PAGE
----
Very Comfortable Shoes

I wore my beloved Keen Whisper Sandals to hike the Lighthouse trail, and while I was generally happy with the choice, I did have to stop to clear rocks out of them a few times. Closed-toed hiking shoes would probably be a better choice, but of course, the trade-off would be that your feet won’t stay as cool.

Bug Spray

Biting horse flies are a nuisance when hiking to the Lighthouse–you’ll definitely want to apply some bug spray to ward them off!

Walking Stick

We don’t typically use walking sticks when hiking, but if you’re used to hiking with one, bring it along–you’ll be glad you have it during the final ascent.

View of the Lighthouse Palo Duro Canyon from the side

Tips for Visiting Palo Duro Canyon’s Lighthouse Trail

Don’t underestimate the heat.

Estimates vary, but it’s a good rule of thumb to plan on the canyon floor being about 10 degrees warmer than the rim.

Add in lots of sun exposure and a harsh, unforgiving desert environment, and you’re in for a bit of trouble if you don’t adequately prepare for the heat when hiking the Lighthouse trail.

… or the lack of shade.

The vast majority of the Lighthouse trail in Palo Duro Canyon is in direct sun, and there are very few shady places to speak of. Come prepared with sun protection!

Get an early start to avoid the crowds.

As the most popular trail in Palo Duro Canyon, the Lighthouse trail can get very busy–but you’ll avoid the worst of the crowds by hiking in the morning.

If possible, you may also want to consider hiking on a weekday, as the park is generally more crowded on the weekends.

Photo of a sandy stretch of trail. Hiking is one of the best things to do in Palo Duro Canyon State Park

The difficulty of the Lighthouse trail varies dramatically.

Unlike some trails that maintain a similar difficulty throughout the route or gradually increase in difficulty, the Lighthouse trail is characterized by very easy, flat, sandy sections of trail followed by a near-vertical section as you ascend to the Lighthouse itself.

The ascent isn’t as bad as it looks, and only takes a few minutes, but it can be startling if you’re not sure what to expect!

Don’t rush down–be sure to spend some time at the Lighthouse! 

Once you reach the Lighthouse, you won’t want to leave: the views of the rock formations and the canyon itself are incredible, and there are several views and angles to enjoy in the immediate area.

Be sure to account for a break at the top when calculating how long you plan to spend on the Lighthouse trail in Palo Duro Canyon.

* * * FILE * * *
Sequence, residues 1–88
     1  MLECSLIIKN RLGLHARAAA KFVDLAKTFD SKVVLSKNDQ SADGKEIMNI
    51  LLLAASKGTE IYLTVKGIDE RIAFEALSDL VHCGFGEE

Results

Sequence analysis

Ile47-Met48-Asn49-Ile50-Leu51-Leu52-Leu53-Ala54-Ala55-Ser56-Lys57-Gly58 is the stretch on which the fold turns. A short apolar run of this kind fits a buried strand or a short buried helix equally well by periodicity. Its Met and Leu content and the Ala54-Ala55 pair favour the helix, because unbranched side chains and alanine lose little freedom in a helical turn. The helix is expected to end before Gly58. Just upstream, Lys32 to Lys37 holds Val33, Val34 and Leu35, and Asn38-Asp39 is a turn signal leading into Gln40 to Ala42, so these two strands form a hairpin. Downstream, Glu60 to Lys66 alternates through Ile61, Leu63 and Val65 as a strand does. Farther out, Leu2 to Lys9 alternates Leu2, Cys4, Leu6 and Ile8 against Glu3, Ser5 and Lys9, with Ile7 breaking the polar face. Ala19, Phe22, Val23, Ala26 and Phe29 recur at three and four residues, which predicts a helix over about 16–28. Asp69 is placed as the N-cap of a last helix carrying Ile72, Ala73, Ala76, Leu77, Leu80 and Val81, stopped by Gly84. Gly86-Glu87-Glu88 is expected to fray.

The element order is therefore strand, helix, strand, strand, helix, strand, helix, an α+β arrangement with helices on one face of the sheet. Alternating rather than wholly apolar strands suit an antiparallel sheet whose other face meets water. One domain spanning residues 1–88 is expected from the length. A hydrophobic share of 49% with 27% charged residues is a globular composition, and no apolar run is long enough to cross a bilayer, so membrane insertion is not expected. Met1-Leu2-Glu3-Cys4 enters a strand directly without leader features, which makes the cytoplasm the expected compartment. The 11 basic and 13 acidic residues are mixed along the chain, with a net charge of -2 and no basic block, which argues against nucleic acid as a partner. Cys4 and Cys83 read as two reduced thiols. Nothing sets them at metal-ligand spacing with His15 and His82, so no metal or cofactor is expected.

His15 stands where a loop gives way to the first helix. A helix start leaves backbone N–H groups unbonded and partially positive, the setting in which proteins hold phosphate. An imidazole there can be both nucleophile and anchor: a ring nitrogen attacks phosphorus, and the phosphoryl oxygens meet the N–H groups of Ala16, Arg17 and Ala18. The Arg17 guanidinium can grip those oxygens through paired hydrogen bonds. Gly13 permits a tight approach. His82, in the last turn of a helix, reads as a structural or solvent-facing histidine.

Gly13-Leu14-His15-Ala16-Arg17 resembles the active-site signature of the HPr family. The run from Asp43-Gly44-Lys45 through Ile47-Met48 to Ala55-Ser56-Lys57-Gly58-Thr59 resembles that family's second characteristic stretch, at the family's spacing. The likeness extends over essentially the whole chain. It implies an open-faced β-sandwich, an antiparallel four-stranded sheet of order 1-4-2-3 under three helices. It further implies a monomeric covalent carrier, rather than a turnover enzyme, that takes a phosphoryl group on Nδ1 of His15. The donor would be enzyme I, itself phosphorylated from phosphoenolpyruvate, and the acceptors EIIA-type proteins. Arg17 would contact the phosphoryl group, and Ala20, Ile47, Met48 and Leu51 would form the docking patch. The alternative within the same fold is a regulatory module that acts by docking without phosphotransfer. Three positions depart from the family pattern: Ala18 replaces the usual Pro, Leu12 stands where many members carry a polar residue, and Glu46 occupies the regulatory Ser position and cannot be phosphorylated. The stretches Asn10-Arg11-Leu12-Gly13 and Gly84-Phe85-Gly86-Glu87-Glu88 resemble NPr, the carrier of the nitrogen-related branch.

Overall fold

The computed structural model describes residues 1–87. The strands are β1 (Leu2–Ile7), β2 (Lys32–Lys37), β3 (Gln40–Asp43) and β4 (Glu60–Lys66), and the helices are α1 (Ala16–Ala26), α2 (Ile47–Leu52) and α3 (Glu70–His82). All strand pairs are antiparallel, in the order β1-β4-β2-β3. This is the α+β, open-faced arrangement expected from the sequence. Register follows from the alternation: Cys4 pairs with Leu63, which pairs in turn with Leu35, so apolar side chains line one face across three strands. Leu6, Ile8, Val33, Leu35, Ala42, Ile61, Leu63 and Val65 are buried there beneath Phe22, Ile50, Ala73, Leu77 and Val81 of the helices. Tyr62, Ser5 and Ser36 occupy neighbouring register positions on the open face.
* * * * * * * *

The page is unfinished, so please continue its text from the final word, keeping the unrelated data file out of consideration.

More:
View of the Lighthouse formation in Palo Duro Canyon Texas from afar

7 thoughts on “How to Hike the Lighthouse Trail in Palo Duro Canyon”

  1. As I recall, the official trail ends at the sign and bench well below the Lighthouse, and there isn’t a sign to indicate the direction of travel from there, although there are at least two obvious “social” trails. I got lucky and chose the correct one, which veers off to the right of the sign. A couple of people tried the one on the left, which appeared to be the more direct route, but turned back far short of the base of the Lighthouse. It definitely wasn’t easy, but the reward of a great view at the end made it worth the effort.

  2. Thanks for all of this information – took great notes, as my hubby and I will be there to hike towards the end of this month! Thanks for the tip about veering off to the right towards Lighthouse Rock.

  3. My husband and I wanted to hike the light house trail on July 1st 2021 but it was impossible because it had rain a lot and the trails were closed :( I look forward to hike it in the near future.

  4. We just got back! My husband, two 11 year old daughters and I finished it in just under 4 hours. We took the trail to the right of the picnic area and it was for steeper than we expected. We had to stop a few times on the way up for water and granola bar break for more energy to the final ascent. It was worth it as we were the only ones there. We descended on our bottoms until we could stand again. Glad to have made it out before noon and end at the snocone truck. Hats are key along with plenty of water.